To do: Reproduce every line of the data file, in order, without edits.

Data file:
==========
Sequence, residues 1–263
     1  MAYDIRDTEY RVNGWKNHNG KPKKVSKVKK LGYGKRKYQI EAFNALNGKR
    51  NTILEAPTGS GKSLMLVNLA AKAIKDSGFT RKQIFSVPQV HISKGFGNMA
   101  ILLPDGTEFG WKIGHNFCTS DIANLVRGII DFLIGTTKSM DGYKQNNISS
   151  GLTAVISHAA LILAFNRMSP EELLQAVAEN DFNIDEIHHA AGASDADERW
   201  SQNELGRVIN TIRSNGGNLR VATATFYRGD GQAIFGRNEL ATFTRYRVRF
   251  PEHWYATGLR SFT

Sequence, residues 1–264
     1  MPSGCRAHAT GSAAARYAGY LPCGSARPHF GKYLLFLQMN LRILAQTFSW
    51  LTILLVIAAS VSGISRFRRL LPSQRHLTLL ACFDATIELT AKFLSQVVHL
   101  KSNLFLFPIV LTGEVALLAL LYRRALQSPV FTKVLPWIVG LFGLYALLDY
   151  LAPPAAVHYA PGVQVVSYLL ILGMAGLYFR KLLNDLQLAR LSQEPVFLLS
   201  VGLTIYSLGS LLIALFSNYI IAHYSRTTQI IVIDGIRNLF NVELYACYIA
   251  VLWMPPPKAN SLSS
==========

Sequence, residues 1–263
     1  MAYDIRDTEY RVNGWKNHNG KPKKVSKVKK LGYGKRKYQI EAFNALNGKR
    51  NTILEAPTGS GKSLMLVNLA AKAIKDSGFT RKQIFSVPQV HISKGFGNMA
   101  ILLPDGTEFG WKIGHNFCTS DIANLVRGII DFLIGTTKSM DGYKQNNISS
   151  GLTAVISHAA LILAFNRMSP EELLQAVAEN DFNIDEIHHA AGASDADERW
   201  SQNELGRVIN TIRSNGGNLR VATATFYRGD GQAIFGRNEL ATFTRYRVRF
   251  PEHWYATGLR SFT

Sequence, residues 1–264
     1  MPSGCRAHAT GSAAARYAGY LPCGSARPHF GKYLLFLQMN LRILAQTFSW
    51  LTILLVIAAS VSGISRFRRL LPSQRHLTLL ACFDATIELT AKFLSQVVHL
   101  KSNLFLFPIV LTGEVALLAL LYRRALQSPV FTKVLPWIVG LFGLYALLDY
   151  LAPPAAVHYA PGVQVVSYLL ILGMAGLYFR KLLNDLQLAR LSQEPVFLLS
   201  VGLTIYSLGS LLIALFSNYI IAHYSRTTQI IVIDGIRNLF NVELYACYIA
   251  VLWMPPPKAN SLSS